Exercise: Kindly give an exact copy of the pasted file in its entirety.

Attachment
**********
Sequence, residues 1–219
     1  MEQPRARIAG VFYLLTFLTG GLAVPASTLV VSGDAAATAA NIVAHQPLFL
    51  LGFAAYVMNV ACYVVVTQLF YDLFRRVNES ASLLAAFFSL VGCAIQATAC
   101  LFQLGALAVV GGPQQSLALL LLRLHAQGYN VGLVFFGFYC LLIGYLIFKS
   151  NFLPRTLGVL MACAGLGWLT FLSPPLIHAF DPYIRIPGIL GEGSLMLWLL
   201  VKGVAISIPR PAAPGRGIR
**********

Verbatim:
Sequence, residues 1–219
     1  MEQPRARIAG VFYLLTFLTG GLAVPASTLV VSGDAAATAA NIVAHQPLFL
    51  LGFAAYVMNV ACYVVVTQLF YDLFRRVNES ASLLAAFFSL VGCAIQATAC
   101  LFQLGALAVV GGPQQSLALL LLRLHAQGYN VGLVFFGFYC LLIGYLIFKS
   151  NFLPRTLGVL MACAGLGWLT FLSPPLIHAF DPYIRIPGIL GEGSLMLWLL
   201  VKGVAISIPR PAAPGRGIR